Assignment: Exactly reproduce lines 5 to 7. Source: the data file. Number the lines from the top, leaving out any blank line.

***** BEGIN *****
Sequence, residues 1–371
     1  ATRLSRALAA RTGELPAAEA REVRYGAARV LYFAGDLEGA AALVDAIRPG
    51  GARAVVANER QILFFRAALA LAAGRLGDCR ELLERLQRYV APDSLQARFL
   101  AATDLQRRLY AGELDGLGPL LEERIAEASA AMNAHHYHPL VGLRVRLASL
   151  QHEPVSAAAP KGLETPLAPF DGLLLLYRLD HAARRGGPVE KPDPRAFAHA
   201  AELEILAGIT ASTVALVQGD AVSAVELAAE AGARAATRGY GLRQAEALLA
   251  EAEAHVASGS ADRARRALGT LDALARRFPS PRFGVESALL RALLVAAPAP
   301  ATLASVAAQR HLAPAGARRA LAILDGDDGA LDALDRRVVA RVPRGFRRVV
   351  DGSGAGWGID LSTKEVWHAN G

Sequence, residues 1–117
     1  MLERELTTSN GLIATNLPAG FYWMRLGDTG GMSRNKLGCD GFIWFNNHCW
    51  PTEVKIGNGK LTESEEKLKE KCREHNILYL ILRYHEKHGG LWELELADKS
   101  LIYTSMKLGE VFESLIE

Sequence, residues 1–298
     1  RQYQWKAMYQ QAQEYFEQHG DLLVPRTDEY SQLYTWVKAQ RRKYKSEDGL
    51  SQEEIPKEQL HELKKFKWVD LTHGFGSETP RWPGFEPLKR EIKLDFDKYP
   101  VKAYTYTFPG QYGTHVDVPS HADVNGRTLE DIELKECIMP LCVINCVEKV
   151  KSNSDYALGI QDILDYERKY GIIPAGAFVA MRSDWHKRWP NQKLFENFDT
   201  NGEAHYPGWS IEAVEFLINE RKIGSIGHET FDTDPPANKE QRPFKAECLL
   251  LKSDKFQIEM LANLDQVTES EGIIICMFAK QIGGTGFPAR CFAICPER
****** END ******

   151  QHEPVSAAAP KGLETPLAPF DGLLLLYRLD HAARRGGPVE KPDPRAFAHA
   201  AELEILAGIT ASTVALVQGD AVSAVELAAE AGARAATRGY GLRQAEALLA
   251  EAEAHVASGS ADRARRALGT LDALARRFPS PRFGVESALL RALLVAAPAP